Peter Victor, an economist at York University and author of Managing Without Growth: Slower by Design, Not Disaster, agrees. He argues that the case for reducing growth is supported by evidence that it’s no longer leading to happiness in developed countries but in inequality, with its poor health outcomes and social unrest. He also notes that prospects of real improvement in the developing world “are likely to be diminished if developed countries continue to encroach on more ecological space.”
In his 2008 book, Victor lays out how the Canadian economy would shift if growth were no longer a policy priority. He found that under certain model assumptions employment would increase, poverty and greenhouse gas emissions reduce and government debt was managed. A key ingredient was as shorter work year, spreading employment to more of the work force, and increased leisure time, allowing people to shift their focus away from consumption.
Victor says there also have to be better-funded anti-poverty programs and stable populations, which has already been achieved in many developed countries. He also argues that stricter policies on the environment and how we use “resources” should be based on rules originally proposed by ecological economist Herman Daly: “The harvest of renewable resources should not exceed their regeneration rate; the rate of extraction of non-renewable resources should not exceed the rate of creation of renewable substitutes; and waste emissions should not exceed the environment’s capacity to assimilate them.” Victor adds to this list the protection of land and water to reduce competition among humans and other species and the creation of protected areas and green belts.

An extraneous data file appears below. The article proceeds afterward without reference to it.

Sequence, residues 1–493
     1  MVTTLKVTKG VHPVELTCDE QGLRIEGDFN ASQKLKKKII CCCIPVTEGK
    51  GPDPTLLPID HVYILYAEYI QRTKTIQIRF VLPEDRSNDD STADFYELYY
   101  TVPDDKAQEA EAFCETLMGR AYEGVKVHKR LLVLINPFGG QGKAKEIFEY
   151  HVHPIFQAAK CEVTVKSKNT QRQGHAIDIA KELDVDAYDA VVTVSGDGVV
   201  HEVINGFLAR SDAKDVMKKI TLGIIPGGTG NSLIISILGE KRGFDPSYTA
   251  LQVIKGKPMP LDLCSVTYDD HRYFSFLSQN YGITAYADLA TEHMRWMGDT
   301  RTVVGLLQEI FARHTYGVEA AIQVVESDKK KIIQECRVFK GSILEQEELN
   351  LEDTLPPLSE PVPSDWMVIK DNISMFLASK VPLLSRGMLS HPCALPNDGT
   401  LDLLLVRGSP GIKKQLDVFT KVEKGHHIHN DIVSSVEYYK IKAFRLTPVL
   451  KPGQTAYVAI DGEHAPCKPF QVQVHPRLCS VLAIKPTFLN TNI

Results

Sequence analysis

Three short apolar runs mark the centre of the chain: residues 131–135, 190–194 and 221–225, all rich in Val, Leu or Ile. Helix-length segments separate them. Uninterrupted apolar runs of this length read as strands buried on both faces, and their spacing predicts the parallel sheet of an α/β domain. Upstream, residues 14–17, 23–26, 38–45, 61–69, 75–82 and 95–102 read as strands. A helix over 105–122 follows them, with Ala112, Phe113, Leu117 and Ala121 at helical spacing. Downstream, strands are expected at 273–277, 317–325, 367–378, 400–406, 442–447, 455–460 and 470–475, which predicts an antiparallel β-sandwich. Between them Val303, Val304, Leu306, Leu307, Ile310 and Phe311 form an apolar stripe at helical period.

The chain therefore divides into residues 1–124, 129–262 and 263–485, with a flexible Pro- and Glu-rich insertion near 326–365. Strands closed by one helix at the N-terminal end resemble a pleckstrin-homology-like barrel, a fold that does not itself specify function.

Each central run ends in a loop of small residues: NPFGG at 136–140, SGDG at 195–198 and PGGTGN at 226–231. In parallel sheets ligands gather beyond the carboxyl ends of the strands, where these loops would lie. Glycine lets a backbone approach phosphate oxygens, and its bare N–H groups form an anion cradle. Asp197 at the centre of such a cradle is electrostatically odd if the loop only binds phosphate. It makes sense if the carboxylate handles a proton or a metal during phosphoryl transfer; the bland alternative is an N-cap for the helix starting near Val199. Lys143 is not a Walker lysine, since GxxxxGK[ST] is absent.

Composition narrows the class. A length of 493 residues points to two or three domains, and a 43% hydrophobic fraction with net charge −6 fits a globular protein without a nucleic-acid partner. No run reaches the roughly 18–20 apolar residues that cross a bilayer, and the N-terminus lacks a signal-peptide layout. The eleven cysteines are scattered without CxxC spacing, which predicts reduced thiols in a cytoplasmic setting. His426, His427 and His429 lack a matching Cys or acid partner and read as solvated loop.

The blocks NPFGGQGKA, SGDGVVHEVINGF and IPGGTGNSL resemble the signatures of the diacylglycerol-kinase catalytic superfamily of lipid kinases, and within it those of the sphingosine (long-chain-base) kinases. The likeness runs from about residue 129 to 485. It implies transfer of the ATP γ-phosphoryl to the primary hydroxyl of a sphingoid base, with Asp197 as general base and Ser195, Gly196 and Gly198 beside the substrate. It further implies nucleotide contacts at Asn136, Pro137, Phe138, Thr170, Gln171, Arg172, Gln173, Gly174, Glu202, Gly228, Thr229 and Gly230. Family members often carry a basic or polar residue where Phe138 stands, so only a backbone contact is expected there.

Victor raises the question, but doesn’t fully answer, whether capitalism could survive a de-growth economy: “A shrinking economy brings a real risk that profit-seeking companies and their shareholders will be disappointed, credit ratings will suffer, the financial system will be in jeopardy, trade will shrink and the whole capitalist system could spiral to collapse.” Whether this would happen remains an open question. He adds that, “even in a shrinking economy, some sectors — such as renewable-energy development — will flourish.”
Victor points out that regardless of the fate of capitalism itself, people around the globe are already directing their energies towards what he calls “enhanced wellbeing,” by working less and turning to local producers for food, clothing, and other needs. “With the prospect of environmental calamity facing humanity, developed economies must chart a course towards living within a fair share, and no more, of the planet’s safe operating space. Developing countries, in their turn and time, will also have to adjust.
“Done thoughtfully,” he says, “this could lead to more satisfactory and fulfilling lives for all.”